GPU sockets are coming


N

nv55

http://www.anandtech.com/video/showdoc.aspx?i=2570

G72 and G73 Info; Plus NVIDIA's Quest for a GPU Socket

We continue to hear new details about G72 and G73 here in Taiwan, and
the latest batch of info from our vendors is that G72 and G73 will be
pin compatible with NV40 and NV43. In other words, your next NVIDIA
video card might have the same PCB from the 6600GT, but with a
different GPU.

This means lower cost to the manufacturer - there is no need for new
R+D or board designs. It also means G72 and G73 will launch very fast
when the decision comes from NVIDIA as vendors can very easily switch
production from the older chips to the new ones. Two vendors confirmed
with us that they are already retooling their PCB for six pin 12V molex
with the anticipation that G72 and G73 SLI might need the additional
power, but even NVIDIA won't comment to the manufacturers at this
point.

A lot seems to hinge on ATI's future choices with R580, X1600 and
X1300. As of now, the launch date for X1600 is still late November and
NVIDIA isn't exactly hurting for new value and midrange SKUs with the
success of 6600GT. The X800GTO and X800GTO2 really give 6600GT a run
for its money, but we digress.

NVIDIA's Secret Flip Chip GPU

Manufacturers seem to think G72 and G73 will be an easy tool over from
NV40/43, but another vendor claims NVIDIA has bigger plans. They claim
that NVIDIA is working on flip chip GPU sockets for motherboards.
Apparently, inside NVIDIA engineering teams have several prototypes
where the GPU, rather than the CPU, is the main focus of a motherboard
with two sockets: one for the GPU and another for the CPU. Whether or
not such a machine will ever see the light of day is difficult to say
right now. However, the idea of pin compatible GPUs already suggests
that we are halfway there when it comes to buying GPUs the same way we
buy CPUs: in flip chips. We have plenty of questions, like how the
memory interface will work and how that will affect performance, but
GPU sockets are likely less a question of "if", but rather "when".
 
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I

Iain McClatchie

I'd like to see a GPU socket where the memories are attached to the
same substrate as the GPU die.

If you look at a modern CPU, the die is in a heat spreader attached
balls-down to the top of a substrate that looks a lot like a little
PC board. As of 3 years ago, one name for this substrate was ALIVH.
The possibilities are quite exciting here, and I'm not sure why
they've not been explored before:

- chip-to-substrate connection pitch is around 120 um, in both X
and Y.
- even a Pentium 3 had well over 1000 connections to the
substrate, mostly for power. It seems reasonable to have 800+
data pins today.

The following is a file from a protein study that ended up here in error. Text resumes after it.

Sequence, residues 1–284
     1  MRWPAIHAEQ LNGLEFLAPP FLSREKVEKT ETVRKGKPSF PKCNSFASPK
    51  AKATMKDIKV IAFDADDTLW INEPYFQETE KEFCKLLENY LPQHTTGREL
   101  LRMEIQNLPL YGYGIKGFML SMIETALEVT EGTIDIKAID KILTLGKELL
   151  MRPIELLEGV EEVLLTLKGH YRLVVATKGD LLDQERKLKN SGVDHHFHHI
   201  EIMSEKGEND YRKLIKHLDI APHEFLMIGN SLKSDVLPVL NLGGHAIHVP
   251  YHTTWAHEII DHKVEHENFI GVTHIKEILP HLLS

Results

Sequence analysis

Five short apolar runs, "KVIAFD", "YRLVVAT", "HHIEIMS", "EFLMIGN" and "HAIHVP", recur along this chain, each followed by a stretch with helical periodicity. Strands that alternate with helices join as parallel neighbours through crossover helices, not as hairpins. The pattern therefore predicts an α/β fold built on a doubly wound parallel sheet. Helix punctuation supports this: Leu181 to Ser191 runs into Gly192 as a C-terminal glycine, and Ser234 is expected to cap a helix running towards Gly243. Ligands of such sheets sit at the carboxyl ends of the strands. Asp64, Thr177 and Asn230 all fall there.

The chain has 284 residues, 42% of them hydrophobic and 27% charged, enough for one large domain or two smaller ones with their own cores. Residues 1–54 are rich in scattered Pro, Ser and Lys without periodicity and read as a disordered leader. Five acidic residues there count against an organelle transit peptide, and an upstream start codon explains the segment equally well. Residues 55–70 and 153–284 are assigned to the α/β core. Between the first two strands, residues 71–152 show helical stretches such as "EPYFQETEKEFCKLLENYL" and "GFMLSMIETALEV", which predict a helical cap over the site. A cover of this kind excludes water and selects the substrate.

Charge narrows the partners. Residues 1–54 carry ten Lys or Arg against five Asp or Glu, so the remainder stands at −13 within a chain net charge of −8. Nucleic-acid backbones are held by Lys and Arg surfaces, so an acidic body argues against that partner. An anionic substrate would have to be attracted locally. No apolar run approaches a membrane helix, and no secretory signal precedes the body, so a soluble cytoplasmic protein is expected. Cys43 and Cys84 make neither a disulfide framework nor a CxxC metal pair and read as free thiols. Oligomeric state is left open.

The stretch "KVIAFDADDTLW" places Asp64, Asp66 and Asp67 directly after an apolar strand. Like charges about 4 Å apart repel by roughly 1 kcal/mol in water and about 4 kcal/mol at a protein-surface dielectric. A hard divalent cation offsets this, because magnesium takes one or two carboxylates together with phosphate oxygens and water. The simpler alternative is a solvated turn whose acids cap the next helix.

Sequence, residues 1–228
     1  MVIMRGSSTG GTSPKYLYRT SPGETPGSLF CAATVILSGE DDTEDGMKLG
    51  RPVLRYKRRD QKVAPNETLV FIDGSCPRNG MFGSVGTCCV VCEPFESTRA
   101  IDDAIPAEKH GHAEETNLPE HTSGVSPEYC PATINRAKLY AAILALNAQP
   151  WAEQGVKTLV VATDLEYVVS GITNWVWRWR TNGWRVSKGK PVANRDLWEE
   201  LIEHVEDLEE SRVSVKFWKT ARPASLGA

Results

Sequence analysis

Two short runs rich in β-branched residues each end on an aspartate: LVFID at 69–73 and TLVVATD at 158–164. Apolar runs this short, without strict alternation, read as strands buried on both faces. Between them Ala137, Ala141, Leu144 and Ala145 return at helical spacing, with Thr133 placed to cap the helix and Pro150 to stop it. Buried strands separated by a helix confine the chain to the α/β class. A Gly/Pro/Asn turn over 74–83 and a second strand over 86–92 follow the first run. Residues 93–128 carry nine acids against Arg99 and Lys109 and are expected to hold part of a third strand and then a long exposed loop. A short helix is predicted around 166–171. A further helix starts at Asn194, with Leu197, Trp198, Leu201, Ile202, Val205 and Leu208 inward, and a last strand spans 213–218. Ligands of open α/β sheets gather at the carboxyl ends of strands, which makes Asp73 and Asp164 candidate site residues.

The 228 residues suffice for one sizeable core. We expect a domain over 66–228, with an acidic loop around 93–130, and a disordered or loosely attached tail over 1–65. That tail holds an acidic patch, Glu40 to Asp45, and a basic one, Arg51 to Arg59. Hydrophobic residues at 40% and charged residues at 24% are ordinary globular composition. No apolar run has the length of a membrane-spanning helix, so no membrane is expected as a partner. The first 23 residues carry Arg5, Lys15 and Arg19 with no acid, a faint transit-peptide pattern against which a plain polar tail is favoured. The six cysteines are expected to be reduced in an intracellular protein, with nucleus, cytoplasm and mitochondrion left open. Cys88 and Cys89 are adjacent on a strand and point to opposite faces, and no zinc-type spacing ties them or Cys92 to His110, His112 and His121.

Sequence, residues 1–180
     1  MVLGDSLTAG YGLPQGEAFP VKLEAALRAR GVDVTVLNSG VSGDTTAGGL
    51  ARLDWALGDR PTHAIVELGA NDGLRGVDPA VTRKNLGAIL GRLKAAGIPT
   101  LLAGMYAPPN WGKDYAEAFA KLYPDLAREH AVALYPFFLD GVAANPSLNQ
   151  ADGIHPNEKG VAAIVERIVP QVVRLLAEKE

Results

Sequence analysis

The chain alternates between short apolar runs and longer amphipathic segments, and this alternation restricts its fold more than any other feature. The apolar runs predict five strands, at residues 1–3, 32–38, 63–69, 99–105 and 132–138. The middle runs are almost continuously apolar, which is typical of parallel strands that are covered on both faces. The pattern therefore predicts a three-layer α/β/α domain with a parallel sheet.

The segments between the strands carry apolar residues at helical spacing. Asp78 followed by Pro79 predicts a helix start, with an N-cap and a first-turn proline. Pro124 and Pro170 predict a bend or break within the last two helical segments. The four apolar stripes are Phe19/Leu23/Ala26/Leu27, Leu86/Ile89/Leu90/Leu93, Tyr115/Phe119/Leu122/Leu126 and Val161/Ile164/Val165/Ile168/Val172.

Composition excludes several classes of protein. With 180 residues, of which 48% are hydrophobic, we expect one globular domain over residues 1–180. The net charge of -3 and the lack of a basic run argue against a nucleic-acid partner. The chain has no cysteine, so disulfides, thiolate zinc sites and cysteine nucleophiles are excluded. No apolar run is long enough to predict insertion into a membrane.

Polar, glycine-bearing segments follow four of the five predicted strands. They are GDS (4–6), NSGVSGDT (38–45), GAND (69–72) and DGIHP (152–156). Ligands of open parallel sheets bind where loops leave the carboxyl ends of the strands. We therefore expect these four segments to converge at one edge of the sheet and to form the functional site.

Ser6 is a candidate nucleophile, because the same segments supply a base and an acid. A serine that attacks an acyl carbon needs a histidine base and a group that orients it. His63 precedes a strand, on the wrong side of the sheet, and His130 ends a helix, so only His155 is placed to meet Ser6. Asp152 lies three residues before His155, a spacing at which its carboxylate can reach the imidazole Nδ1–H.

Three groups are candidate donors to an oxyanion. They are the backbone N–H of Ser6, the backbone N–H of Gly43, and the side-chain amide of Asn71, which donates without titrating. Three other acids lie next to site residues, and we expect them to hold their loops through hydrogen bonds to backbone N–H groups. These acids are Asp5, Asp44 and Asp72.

- the same substrate is used in cell phones, so it's cheap and can
be made reasonably large (2" x 3").

A 512b DRAM bus would be quite reasonable on this package, along
with a PCIe x16 interface. Best of all, the socket ends up with
just the PCIe x16, (maybe HT x8), two DVI, and power coming out,
which might make it cheaper than a CPU socket.

Downsides:

- Does NVidia take over the graphics board biz, or do they ship
bare die? If the former, they get to handle memory chip
inventory, which is generally a money loser.
- Need a rev of the package for every DRAM supplier/version.
- Form factor is horizontal rather than vertical.

The last thing might be turned into an advantage, if NVidia
wanted to get *really* aggressive. They could define a
motherboard with all the usual bits (they're nearly all on the
NVidia southbridge these days anyway), with an Athlon+memory on
one side and the GPU on the other. Boot from flash (required),
stick a hard drive on top and a fan on one side, blowing through
the PSU, and the entire PC form factor could get down to
4" x 6" x 4" and 100W, like that little Apple cube, but smaller
and with less complex packaging.
 
Z

zzipper

This would be really good for us but...it would probably really piss of the
motherboard mfgs :) Imagine being able to defeat the 6 month obsolescence
we live with now by just upgrading a cpu and gpu. I think this would be
great, hopefully it happens.
 
A

Alfie [UK]

This would be really good for us but...it would probably really piss of the
motherboard mfgs :) Imagine being able to defeat the 6 month obsolescence
we live with now by just upgrading a cpu and gpu. I think this would be
great, hopefully it happens.
It wouldn't bother the MoBo M/Fs only the GPU board licensers.
ATI/nVidia really don't care who buys their chips, they just make chips,
not GPU boards. The MoBo guys would probably love it as they can then
compete on who has the best GPU chip interface, or supposrt the most GPU
plug-ins.
 
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M

Magnulus

They ought to be moving towards integrating the graphics onto the
motherboard in some fashion. In this day adn age, there is simply no good
reason to have the video as an add-in card, heck, a good deal of the sound
out there is onboard now. It would also allow for much better thermal
solutions for the graphics chip- imaging being able to stick a copper
heatsink and 80mm fan on your graphics chip, for instance. You could clock
it higher and it would run quieter.
 
M

Michael W. Ryder

Magnulus said:
They ought to be moving towards integrating the graphics onto the
motherboard in some fashion. In this day adn age, there is simply no good
reason to have the video as an add-in card, heck, a good deal of the sound
out there is onboard now. It would also allow for much better thermal
solutions for the graphics chip- imaging being able to stick a copper
heatsink and 80mm fan on your graphics chip, for instance. You could clock
it higher and it would run quieter.
I hope they never build mother boards with only on-board graphics. The
add-in video card lets one put in a video card that meets there needs
and budget. If you need a more powerful video card than the one
currently in the computer you just replace the card, not the motherboard
and memory, not that the computer makers wouldn't love this. The same
happens with the built-in sound you talk about. A lot of people can
live with that sound, others spend $200 or more for a replacement.
You can already add new fans and heat sinks to most video cards, and